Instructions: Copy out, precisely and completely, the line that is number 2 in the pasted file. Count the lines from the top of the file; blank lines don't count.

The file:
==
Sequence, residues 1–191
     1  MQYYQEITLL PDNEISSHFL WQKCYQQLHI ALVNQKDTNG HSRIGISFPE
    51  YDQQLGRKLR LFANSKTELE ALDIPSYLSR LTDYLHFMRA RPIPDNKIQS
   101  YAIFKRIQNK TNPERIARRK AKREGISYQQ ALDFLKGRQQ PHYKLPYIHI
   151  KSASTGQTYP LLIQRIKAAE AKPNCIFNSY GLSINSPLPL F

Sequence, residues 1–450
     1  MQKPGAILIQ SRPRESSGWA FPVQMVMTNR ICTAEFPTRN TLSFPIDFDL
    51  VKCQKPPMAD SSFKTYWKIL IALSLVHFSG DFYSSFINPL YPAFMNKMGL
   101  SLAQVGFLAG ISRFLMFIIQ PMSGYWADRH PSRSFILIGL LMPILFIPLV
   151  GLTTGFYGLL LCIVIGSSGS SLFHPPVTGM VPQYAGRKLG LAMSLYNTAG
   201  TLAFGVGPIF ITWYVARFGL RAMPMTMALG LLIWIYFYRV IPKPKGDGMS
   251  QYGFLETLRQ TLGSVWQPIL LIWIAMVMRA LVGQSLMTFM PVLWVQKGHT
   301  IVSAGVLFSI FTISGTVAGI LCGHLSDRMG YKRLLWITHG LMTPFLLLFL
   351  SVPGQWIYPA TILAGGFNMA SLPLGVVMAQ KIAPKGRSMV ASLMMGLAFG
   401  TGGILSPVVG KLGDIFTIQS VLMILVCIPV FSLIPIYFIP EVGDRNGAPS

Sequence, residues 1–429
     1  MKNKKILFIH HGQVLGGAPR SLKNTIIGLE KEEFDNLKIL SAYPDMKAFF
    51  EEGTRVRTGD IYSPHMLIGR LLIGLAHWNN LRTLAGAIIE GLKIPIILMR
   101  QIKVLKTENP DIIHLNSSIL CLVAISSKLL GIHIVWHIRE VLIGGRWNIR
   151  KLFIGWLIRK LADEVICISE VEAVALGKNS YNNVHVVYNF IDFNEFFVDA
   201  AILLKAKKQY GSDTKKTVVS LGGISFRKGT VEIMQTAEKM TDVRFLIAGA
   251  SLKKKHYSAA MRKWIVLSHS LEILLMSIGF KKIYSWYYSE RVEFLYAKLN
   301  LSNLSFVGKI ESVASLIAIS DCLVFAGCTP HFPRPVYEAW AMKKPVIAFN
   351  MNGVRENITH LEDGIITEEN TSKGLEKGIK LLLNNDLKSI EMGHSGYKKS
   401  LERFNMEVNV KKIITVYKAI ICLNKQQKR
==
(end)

     1  MQYYQEITLL PDNEISSHFL WQKCYQQLHI ALVNQKDTNG HSRIGISFPE